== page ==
Adam receives his name from God, and also the power of naming. He names Eve, and I believe it is therefore safe to say he also names their sons. We know Abraham names Isaac, and though Isaac’s sons Jacob and Esau are apparently named by their mother, they desperately crave the blessing that can only come from their father’s hand. Jacob gets the blessing, and nearly a century later, leaning on his staff, he passes it on to his sons — he gives them a name and an identity. “You are a lion’s cub, O Judah… Issachar is a rawboned donkey… Dan will be a serpent… Gad will be attacked by a band of raiders, but he will attack them at their heels… Joseph is a fruitful vine… his bow remained steady” (Genesis 49:9, Genesis 49:14, Genesis 49:17, Genesis 49:19, Genesis 49:22, Genesis 49:24). The Baptist’s father names him John, even though the rest of the family was going to name him after his father, Zechariah. Even Jesus needed to hear those words of affirmation from His Father. After He is baptized in the Jordan, before the brutal attack on His identity in the wilderness, His Father speaks:

You are my Son, whom I love; with You I am well pleased. — Luke 3:22

In other words, “Jesus, I am deeply proud of you; you have what it takes.”

Excerpted with permission from Wild at Heart: Discovering the Secret of a Man’s Soul by John Eldredge, copyright John Eldredge.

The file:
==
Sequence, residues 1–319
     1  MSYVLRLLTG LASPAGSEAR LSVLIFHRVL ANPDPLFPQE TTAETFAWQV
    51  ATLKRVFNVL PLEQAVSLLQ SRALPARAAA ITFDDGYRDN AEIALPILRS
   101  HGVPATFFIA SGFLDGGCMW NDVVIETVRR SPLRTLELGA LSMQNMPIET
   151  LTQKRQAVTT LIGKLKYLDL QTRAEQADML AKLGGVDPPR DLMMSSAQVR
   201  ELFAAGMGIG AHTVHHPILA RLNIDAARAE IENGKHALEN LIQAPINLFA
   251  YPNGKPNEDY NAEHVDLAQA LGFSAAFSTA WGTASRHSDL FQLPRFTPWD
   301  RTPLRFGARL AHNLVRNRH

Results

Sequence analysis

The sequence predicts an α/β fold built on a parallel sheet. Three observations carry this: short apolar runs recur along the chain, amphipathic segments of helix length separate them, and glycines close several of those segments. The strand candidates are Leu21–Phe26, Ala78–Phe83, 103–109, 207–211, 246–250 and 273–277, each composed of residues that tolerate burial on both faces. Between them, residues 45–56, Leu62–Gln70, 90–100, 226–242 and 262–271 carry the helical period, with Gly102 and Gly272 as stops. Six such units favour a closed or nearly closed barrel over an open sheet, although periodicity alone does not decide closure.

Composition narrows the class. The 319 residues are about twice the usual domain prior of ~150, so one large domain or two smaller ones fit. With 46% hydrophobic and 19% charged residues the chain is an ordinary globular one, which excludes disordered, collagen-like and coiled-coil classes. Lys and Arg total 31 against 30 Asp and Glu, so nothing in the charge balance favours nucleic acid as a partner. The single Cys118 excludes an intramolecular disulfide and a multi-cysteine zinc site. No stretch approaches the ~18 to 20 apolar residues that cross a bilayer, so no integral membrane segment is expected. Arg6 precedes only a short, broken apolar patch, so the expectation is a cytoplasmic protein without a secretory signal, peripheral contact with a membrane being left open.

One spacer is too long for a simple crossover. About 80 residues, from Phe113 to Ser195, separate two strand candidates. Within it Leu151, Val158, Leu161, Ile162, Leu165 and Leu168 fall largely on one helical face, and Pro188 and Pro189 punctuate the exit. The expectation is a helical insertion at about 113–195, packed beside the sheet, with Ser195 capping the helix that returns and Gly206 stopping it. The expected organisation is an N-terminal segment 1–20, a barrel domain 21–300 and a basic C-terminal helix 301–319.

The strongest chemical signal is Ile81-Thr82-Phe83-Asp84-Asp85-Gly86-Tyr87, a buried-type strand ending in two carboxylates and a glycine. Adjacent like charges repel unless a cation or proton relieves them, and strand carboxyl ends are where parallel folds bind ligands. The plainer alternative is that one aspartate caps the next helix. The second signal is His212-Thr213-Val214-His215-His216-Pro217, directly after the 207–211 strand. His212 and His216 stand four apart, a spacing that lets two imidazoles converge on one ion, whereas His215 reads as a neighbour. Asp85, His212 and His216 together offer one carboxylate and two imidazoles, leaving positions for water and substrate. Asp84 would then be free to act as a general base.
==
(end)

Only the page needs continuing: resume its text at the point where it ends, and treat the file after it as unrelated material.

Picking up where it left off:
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Your Turn

Did you receive words of affirmation from your earthly father? What encouragement and strength can you sense your Heavenly Father wanting to speak to you? If you are a father yourself, what words of affirmation can you speak into the lives of your children? We’d love to hear your thoughts in the comments!

 

John Eldredge

John Eldredge is the director of Ransomed Heart™ in Colorado Springs, Colorado, a fellowship devoted to helping people discover the heart of God. John is the author of numerous books, including Wild at Heart, Epic: The Story God is Telling, Walking with God, Fathered by God, Waking the Dead, Desire, and Love & War (with his wife Stasi). John and Stasi live in Colorado with their three sons.